South Korea’s economy facing ‘perfect storm’ as Japan trade dispute continues and exports plunge
- South Korea’s exports for the first 20 days of August fell 13 per cent from a year earlier, pointing to a ninth successive monthly decline
- Semiconductor sales fell 30 per cent, while exports to China fell 20 per cent, suggesting joint headwinds of global electronics slowdown and US-China trade war
As the foreign ministers of China, Japan and South Korea gathered for trilateral talks in Beijing on Wednesday to improve relations, a stark reminder came of the perilous situation South Korea’s economy is in.
Exports for the first 20 days of August fell 13 per cent from a year earlier, signalling a ninth successive monthly decline. Within the headline figure, two numbers illustrate the “perfect storm” facing the country: sales of semiconductors – one of its most valuable exports – fell 30 per cent, while exports to China – its largest trading partner – fell 20 per cent.
Both an exporting and electronics powerhouse, South Korea’s economy is disproportionately exposed to the US-China trade war and the associated technology war, as well as the slowdown in semiconductor demand stemming from the end to the electronics supercycle.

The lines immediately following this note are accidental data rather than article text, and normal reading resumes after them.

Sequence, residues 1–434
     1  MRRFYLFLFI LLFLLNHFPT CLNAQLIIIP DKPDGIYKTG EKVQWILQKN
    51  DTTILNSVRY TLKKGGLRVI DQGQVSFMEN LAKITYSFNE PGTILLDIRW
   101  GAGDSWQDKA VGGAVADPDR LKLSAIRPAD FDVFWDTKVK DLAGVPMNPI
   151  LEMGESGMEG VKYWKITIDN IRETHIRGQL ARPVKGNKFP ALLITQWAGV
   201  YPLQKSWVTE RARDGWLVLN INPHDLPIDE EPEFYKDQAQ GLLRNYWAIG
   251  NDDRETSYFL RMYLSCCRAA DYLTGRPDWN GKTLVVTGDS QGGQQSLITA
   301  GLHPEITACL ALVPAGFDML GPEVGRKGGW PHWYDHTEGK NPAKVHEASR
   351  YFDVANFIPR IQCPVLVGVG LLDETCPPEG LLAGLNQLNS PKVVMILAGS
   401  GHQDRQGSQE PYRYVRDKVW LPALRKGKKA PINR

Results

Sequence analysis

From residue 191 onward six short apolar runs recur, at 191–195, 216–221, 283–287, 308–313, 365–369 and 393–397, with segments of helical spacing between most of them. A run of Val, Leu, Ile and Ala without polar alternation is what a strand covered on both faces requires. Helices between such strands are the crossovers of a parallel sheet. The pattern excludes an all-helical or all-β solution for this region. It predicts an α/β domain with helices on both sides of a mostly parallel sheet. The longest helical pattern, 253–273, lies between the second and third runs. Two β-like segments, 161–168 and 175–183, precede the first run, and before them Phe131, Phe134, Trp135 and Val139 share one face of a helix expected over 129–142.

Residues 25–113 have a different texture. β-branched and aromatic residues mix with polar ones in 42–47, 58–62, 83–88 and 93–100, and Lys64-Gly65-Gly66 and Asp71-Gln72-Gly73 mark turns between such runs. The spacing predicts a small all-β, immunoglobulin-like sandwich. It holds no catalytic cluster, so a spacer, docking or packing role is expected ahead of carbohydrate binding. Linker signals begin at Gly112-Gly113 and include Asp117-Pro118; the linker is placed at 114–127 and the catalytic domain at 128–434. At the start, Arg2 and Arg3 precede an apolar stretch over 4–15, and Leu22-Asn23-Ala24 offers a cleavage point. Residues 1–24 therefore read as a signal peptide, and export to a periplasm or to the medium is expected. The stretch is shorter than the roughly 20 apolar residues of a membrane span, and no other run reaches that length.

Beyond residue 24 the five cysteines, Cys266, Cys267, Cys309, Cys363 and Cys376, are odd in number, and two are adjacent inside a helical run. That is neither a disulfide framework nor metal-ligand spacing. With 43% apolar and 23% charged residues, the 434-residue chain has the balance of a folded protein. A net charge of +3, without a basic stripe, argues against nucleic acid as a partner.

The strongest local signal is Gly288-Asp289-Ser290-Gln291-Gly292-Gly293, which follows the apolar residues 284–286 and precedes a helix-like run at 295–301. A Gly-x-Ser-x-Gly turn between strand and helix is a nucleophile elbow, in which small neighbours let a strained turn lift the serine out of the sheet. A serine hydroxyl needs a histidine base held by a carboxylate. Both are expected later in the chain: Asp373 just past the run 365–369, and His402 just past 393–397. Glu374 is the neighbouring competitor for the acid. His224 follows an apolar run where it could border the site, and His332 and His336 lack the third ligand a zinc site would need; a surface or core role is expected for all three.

That South Korea has become embroiled in a trade dispute with neighbouring Japan adds more pressure at an already crucial time, and with Wednesday’s talks ending without any resolution, it created further woes on this heavily trade-dependent nation.
On Thursday, the situation with Japan escalated again, when South Korea announced that it would scrap a military intelligence sharing pact with its neighbour, adding further concern that the trade dispute would ratchet up another level.
While the material impact of the Japan trade dispute has been limited to date, the choice to restrict exports of chemical ingredients – fluorinated polyamides used in production of smartphones, photoresists used in semiconductors and hydrogen fluoride also used in semiconductors – showed that Tokyo has targeted a highly sensitive part of the South Korean economy with precision.
In 2018, semiconductor sales accounted for 92 per cent of South Korea’s export growth, a figure which led Rory Green, China and North Asia economist at research firm TS Lombard, to describe it as “more akin to an oil exporter than a tech hub”.
“It is a terrible time for them to be involved in a trade dispute. Semiconductor prices have halved since last year, and that is hitting Korean exports very hard,” said Green. “Even though export volumes are still OK, the price of semiconductors mean that even without the Japan dispute and the US-China trade war, it’s hard for Korean exports to turn positive this year.”
Within South Korea, Japan’s protectionist turn has been compared to the pressure tactics of US President Donald Trump, who announced that he would scrap the US-Korea Free Trade Agreement in April 2017, only to sign a largely-unchanged revision in September 2018.